Nuggets vs. Thunder, Game 1: Kevin Durant, Russell Westbrook, ref Stevie Javie doom Nugs

Categories: Sports

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NenĂª.
Two weeks back, we wrote that the Nuggets-Thunder playoff series would be a war, and that prediction was certainly borne out by last night's 107-103 OKC victory. Credit for the Thunder win goes to superstars Kevin Durant and Russell Westbrook, aided by referee Steve Javie -- in part because of the reasons you'd expect, but not entirely.

There were a lot of positives for Denver -- first and foremost being the continuing aggressiveness of NenĂª. He played with the sort of basketball bloodlust that's been sorely lacking in his skill set for, well, his entire career to date. He took teeth-gritted delight at showing up the likes of Kendrick Perkins, who clearly brings out the macho in him. He scored 22 points, and likely would have racked up even more if he hadn't missed a significant amount of time due to what turned out to be a bruised knee.

More Nugs deserving of some plaudits: Danilo Gallinari, who played under control for the most part; Kenyon Martin and Chris "Birdman" Andersen, both of whom hit some shots they don't usually make and were defensively tenacious down low; and Wilson Chandler, who played with passion on both ends of the floor.

Of course, passion alone isn't enough against scorers as prolific as Durant and Westbrook, both of whom had way too many open looks thanks to slow rotations and an unwillingness of defenders to play them tight for fear that they might blow past them. That's a legitimate risk, but giving them room is worse. Better to get beaten while harassing the hell out of them than to hope they'll miss all their jump shots -- because they won't.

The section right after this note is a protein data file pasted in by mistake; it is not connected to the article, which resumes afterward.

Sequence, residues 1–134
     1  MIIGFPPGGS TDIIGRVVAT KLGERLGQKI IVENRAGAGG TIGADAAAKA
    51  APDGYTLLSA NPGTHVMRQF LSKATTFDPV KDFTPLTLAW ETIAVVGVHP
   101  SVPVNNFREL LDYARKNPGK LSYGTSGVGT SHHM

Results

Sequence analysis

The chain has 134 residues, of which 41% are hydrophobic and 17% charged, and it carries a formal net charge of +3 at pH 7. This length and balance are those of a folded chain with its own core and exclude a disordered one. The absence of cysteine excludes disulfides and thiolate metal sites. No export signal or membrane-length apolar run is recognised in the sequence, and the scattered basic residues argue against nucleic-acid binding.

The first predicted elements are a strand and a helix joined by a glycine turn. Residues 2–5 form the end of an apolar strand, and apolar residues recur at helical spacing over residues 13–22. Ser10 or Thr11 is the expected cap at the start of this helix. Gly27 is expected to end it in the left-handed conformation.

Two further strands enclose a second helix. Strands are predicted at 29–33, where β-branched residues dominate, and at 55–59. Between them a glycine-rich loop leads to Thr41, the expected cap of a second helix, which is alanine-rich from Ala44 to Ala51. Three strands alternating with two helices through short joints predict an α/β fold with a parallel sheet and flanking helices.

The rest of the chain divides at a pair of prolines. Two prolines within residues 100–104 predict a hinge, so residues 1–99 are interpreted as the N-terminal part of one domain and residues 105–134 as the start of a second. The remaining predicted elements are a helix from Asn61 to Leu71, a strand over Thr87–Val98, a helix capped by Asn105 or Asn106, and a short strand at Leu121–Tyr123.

Man do I hope Arron Afflalo gets better soon...

Durant in particular was the beneficiary of superstar calls from Javie, who's the most whistle-happy ref in the league -- and the rest of his crew followed his lead last night. There were an arena-load of violations that better refs would have ignored in the name of letting the players decide the game, plus a technical against Raymond Felton that was among the more unjustified you'll see until the next game Javie works. Yet for all the should-have-been-non-calls that were cited, the refs missed an obvious case of offensive goaltending during crunch time, which gave the Thunder a 102-101 lead they wouldn't surrender.

Tip to Javie: If a player's hand is in the net and the ball is still on the rim, it's goaltending. Remember that.

Of course, the Nuggets could have capitalized on all those fouls by making their free throws -- but they wound up hitting a pathetic 63.6 percent from the line. If they'd canned just half of the twelve charity stripers they missed, they would have won. And that's not Javie's fault.

Another fear for the future is the lack of a go-to player when the game's on the line. Of course, there's no guarantee Carmelo Anthony could have made the difference: Did you see his pathetic three try as the clock ticked down in the Knicks' loss to the Celtics? But during the final couple of minutes, Felton put up a pair of no-hopers, Gallinari turned the ball over in embarrassing fashion and K-Mart clothes-lined a long ball -- efforts that can't be described as confidence builders.

Yes, it's unfair that the Nuggets should be facing the hottest team in the league in the first round despite their brilliant performances post-Melo trade. Right now, anyway, the Thunder look tougher than all three teams seeded higher than them -- the Spurs and the Lakers, who lost first time out, and the Mavs, who topped the Trail Blazers, but in unimpressive fashion. Still, those are the breaks -- and the Nuggets are capable of beating this team.

Doing so during their next face-off, this Wednesday, would be a really good idea.

More from our Sports archive: "Denver Nuggets-Oklahoma City Thunder playoffs matchup: The mighty vs. the many."

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